Todd Woodbridge, a former Wimbledon semifinalist, has a cardiac arrest at age 51

tennis player

After sustaining a heart attack at the age of 51, Todd Woodbridge has issued a warning. Despite enjoying a fit and healthy lifestyle, the 16-time doubles Grand Slam champion claimed it was a “wake-up call.”

Following the incident, he is now advising people to undergo health checkups. After returning home from covering the US Open and Laver Cup. Woodbridge disclosed that he had suffered a heart attack just seven days prior. Another prominent Australian athlete, Shane Warne, 52, died of a heart attack only a few months ago.

The veteran Wimbledon semifinalist also encouraged other middle-aged people to seek health exams, admitting the incident was a “wake-up call.”

 “It was last Thursday, I tried to keep my routine having traveled to the US Open and London and I was just exercising and had chest pains and every symptom when you look up Google – full sweats and I felt awful,”

To the Herald, he spoke.

“I had a little heart episode that goes down as a mild heart attack which is a bit of a shock to me.”

The heart attack came as a surprise to the 51-year-old, who claims that his experience indicates.

“It can happen to anybody”.

The legendary former doubles player continued:

“I consider (I) lead a pretty good fit healthy lifestyle – I keep active, I eat well, I do all the right things, I enjoy doing that. It’s been a wake-up call to me to make sure I look after myself. If it can happen to me it shows that it can happen to anybody.”

“I’ve hit that age now where I need to make sure that I have regular testing, get to the doctors”- Todd Woodbridge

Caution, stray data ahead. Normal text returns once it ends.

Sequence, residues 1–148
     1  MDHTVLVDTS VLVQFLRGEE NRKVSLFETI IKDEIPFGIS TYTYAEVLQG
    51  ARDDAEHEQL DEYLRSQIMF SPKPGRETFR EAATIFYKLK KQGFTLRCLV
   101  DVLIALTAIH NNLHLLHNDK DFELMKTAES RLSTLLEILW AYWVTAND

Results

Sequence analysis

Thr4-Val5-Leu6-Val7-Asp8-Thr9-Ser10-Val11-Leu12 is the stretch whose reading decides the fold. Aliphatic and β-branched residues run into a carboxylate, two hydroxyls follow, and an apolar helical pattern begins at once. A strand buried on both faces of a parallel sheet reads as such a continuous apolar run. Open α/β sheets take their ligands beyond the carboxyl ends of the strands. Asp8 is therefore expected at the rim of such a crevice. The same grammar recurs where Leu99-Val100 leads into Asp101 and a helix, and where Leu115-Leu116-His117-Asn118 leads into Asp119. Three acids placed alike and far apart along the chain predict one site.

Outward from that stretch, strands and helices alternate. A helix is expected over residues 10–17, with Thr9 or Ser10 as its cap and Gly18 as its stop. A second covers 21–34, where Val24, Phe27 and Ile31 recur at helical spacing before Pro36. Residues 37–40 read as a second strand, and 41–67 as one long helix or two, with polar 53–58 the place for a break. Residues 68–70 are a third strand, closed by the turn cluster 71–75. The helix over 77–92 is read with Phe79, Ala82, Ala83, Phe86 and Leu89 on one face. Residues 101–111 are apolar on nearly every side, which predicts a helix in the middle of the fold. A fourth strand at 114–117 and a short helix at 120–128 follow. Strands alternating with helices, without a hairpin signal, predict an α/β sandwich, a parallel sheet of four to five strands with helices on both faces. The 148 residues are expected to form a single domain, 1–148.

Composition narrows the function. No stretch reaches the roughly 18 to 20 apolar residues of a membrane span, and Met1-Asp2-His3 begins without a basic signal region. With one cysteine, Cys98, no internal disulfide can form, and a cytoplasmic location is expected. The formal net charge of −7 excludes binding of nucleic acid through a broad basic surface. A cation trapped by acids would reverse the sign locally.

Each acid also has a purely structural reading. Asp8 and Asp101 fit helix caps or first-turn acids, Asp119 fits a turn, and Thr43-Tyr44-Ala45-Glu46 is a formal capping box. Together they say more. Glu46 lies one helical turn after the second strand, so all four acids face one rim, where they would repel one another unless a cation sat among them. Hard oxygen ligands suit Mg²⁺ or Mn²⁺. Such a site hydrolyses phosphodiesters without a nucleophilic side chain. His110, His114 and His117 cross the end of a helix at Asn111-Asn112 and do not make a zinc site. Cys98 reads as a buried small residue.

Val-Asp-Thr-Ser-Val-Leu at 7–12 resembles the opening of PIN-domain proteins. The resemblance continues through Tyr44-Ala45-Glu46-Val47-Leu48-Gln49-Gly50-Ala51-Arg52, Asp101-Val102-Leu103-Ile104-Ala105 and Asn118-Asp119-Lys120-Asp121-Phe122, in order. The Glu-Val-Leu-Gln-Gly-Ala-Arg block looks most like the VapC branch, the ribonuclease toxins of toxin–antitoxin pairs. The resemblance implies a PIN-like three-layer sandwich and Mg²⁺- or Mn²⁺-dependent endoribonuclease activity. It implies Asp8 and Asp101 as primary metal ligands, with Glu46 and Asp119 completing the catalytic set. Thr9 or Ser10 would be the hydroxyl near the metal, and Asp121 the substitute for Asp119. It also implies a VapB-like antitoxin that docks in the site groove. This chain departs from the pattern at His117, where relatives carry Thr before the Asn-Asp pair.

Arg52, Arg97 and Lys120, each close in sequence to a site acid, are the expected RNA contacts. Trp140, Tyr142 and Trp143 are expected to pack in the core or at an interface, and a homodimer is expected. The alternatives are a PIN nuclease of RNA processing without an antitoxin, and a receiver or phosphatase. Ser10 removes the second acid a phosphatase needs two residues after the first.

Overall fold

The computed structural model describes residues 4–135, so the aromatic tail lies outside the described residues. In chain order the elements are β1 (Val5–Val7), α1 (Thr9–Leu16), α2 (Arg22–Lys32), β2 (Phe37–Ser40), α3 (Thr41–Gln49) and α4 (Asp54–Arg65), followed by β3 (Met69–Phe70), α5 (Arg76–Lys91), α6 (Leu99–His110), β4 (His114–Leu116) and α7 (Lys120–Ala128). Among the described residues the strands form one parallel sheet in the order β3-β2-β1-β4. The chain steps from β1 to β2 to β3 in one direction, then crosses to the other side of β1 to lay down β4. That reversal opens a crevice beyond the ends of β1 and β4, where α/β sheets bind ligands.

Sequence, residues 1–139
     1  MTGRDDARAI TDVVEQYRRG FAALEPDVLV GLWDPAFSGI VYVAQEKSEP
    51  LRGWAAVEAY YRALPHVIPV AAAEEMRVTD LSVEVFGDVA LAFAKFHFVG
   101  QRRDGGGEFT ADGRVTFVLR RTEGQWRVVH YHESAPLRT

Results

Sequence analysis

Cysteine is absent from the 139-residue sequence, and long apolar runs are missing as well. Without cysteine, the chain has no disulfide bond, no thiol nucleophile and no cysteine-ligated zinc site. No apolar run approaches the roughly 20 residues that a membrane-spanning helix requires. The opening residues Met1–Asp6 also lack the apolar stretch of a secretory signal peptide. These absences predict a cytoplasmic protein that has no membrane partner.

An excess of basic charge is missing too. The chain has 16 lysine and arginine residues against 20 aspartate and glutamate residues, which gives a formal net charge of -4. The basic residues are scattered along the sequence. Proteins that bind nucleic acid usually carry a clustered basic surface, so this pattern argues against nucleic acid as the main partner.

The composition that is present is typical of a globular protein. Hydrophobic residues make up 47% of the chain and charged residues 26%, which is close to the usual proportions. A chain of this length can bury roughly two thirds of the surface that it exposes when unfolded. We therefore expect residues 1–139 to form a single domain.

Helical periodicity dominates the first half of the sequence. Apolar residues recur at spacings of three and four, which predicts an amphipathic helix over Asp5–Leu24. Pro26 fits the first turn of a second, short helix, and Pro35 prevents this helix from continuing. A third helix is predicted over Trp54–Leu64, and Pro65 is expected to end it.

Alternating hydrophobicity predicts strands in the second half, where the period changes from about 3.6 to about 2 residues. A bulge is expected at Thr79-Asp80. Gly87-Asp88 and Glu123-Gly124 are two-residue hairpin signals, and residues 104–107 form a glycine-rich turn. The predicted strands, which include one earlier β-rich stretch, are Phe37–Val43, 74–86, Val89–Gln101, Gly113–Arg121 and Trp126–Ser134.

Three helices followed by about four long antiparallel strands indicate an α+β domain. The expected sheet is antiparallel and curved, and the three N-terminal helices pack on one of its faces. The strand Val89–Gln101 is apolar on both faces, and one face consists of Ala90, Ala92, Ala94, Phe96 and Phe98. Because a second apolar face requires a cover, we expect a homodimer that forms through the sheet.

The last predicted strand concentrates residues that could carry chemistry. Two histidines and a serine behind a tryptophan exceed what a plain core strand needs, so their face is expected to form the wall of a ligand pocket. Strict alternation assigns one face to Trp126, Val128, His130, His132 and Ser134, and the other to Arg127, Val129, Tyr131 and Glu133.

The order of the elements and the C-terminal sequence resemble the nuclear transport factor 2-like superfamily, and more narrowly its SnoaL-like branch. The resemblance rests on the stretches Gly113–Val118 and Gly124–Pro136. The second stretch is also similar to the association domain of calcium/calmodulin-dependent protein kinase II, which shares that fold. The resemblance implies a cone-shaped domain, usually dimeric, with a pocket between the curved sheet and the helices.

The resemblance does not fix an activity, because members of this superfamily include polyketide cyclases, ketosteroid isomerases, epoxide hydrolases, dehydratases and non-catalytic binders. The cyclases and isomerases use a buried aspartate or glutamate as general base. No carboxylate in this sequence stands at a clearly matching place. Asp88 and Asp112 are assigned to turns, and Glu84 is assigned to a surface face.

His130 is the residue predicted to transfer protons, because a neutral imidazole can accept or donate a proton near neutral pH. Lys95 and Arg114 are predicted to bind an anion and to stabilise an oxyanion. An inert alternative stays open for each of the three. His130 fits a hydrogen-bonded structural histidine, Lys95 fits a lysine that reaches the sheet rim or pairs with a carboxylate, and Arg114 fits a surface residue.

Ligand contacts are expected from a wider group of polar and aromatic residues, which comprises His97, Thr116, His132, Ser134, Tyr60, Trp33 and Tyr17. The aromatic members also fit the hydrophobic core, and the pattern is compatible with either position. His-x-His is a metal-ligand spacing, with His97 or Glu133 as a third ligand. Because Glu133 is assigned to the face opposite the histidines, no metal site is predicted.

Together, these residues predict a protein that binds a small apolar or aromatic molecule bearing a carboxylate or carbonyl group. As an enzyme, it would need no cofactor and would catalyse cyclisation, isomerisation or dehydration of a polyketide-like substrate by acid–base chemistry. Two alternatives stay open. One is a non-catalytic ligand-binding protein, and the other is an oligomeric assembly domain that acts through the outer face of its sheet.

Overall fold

Woodbridge encourages people to get health checkups realizing his family’s sickness history put him at risk despite a healthy lifestyle.

“I’ve hit that age now where I need to make sure that I have regular testing, get to the doctors,”

The former expert said.

“I’d urge anybody out there coming off the last couple of years (of lockdowns), where we’ve gone, ‘Nah I’m OK, haven’t been to doctors, haven’t had check ups’, to ensure you get out there and do that. I’ve been fortunate enough to go and get all the tests and I’m OK. With good monitoring and a bit of mild medication moving forward, I’ll be fine.

“But what I did learn was how important hereditary genes are to your health and I am aware that both my mum and dad have had a few issues with needing some stents and my dad had very high cholesterol. If I take care of that I have the ability to be fine in the future. But if you don’t take care of that you are putting yourself at risk.”

Woodbridge reiterated his appeal for people to schedule health exams, adding:

“My advice is don’t put off what you’ve been planning to do.

Because I’d been planning to get my next bits of tests, we all lead a busy life and that becomes next month and then that becomes six months and you still haven’t done it and I was a bit guilty of that.

“The best part is I’m back up and running. I need to take it easy, I can’t do anything physical but I’m still able to do my general work.”

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